Evidence supporting the third aim of the expanded ESRD Bundle is less conclusive. Although reports commissioned by CMS before enactment of the policy suggested that existing databases could be leveraged to adequately adjust facility reimbursement for differences in the patient resource requirements, it is unknown how well the current mechanisms of risk adjustment achieve this goal. Issues such as under-reporting of comorbidities, and temporal changes in practice patterns, ultimately led CMS to revise the adult case-mix model in 2016.23 It is encouraging that annual reports from Medicare Payment and Advisory Commission have found no evidence of limited access to dialysis care among Medicare beneficiaries—any potential payment differences resulting from the expanded ESRD bundle do not appear to have compromised access to dialysis care.24

Lessons for Future Mandates

Our analysis of two federal mandates indicates how differences in the clarity of stated policy objectives, the quality of data collected at the time of policy enactment, and in prior evidence supporting policy objectives can influence a policy’s success as well as efforts to evaluate its success. In the case of physician reimbursement reform, an absence of clear evidence to support the policy’s goals coincided with no observed effect of the policy on health outcomes. Data necessary to fully evaluate the economic implications of the policy were not collected, preventing precise evaluation of its cost. Furthermore, a lack of clarity around one of the policy’s primary objectives has muddied discussion of the policy’s success. In contrast, the expanded ESRD bundle included clearly stated policy objectives that were supported by several clinical trials conducted before the policy’s enactment. It coincided with a system of data collection that enabled monitoring of its effects on patient care and health outcomes, which have provided reassurance that the policy effectively led to reductions in the use of ESAs with no associated decline in patient health.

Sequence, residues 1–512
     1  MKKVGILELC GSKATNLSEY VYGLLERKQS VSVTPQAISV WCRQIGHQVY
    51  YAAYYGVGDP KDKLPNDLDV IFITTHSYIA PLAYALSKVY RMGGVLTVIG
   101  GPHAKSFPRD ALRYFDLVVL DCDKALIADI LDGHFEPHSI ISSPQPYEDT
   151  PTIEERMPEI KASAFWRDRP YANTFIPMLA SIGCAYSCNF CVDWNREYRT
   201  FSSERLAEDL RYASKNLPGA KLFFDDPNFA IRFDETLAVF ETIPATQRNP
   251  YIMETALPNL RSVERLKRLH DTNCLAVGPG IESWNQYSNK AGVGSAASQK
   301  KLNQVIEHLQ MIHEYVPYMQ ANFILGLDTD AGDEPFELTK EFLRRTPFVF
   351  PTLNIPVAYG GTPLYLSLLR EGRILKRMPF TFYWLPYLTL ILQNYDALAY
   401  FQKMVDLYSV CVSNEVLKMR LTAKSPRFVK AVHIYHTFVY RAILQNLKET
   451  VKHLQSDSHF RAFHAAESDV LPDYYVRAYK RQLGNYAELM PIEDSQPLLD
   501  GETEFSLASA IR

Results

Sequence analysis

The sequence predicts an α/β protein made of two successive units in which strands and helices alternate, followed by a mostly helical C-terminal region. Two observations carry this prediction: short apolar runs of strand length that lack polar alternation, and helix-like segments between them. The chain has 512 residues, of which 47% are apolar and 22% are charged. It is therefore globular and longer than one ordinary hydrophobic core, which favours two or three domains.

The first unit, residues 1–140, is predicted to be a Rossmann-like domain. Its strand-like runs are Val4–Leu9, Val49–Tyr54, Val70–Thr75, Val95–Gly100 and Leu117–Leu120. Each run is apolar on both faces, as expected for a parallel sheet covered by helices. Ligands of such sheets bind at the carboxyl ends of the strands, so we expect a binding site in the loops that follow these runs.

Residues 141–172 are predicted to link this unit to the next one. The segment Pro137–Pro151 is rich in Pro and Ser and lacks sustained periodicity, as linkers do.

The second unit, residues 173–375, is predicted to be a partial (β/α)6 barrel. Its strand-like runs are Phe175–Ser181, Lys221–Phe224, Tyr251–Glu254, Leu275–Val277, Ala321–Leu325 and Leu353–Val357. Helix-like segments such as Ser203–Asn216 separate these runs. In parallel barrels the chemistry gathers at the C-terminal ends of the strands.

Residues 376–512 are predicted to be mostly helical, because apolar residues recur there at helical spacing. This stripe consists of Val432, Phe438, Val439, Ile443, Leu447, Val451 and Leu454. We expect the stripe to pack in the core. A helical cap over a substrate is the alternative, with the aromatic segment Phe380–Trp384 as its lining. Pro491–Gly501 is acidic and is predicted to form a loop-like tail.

In 2009, after a review from the American Medical Association’s Relative Value Scale Update Committee, the temporary “G-codes” reforming the nephrology MCP became permanent. Nephrology practices have since responded to the reimbursement system by restructuring their practices and hiring advanced practitioners to see patients more frequently, and many patients have come to expect weekly visits from their nephrologist. Consequently, there has been little interest in revisiting the system of nephrologist reimbursement, despite evidence that more frequent visits did not improve patient health, may have led to an unnecessary expense of time and effort, and may create disincentives to placing patients on home dialysis or to spend needed time for the care of patients with advanced CKD.5,25 This aversion to change underscores the importance of having high-quality evidence before mandates are implemented at a national level as well as the importance of collecting data necessary to rapidly evaluate a policy’s effectiveness in order to refine policies before providers fully adapt their practices.

The prominent role of the federal government in financing dialysis care, combined with high costs associated with ESRD, all but guarantees that dialysis care will continue to be highly regulated. More recent federal mandates include a growing list of quality metrics used to evaluate dialysis facilities in the ESRD Quality Incentive Program, and the evaluation of physicians according to cost and quality measures in Comprehensive ESRD Care Models, the Merit-Based Incentive Payment System, and Alternative Payment Models. In the setting of increasing regulation, it is critical that clinical and research communities work closely with policy-makers to build the evidence base available for policy-makers to draw upon and systems of data collection that allow for rapid policy evaluation. Without high-quality evidence, and the data necessary to evaluate future policies after their enactment, ongoing mandates will fall far short of achieving their fundamental objective of fostering high-quality, cost-effective care.


K.F.E. received funding from the National Institute of Diabetes and Digestive and Kidney Diseases (grant 5K23DK101693-05), the American Society of Nephrology Foundation for Kidney Research Carl W. Gottschalk Research Scholar Grant, and the National Kidney Foundation Research Grant Program - Southeast Texas Research Grant.

Published online ahead of print. Publication date available at www.jasn.org.


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chronic dialysis; Economic Analysis; end stage kidney disease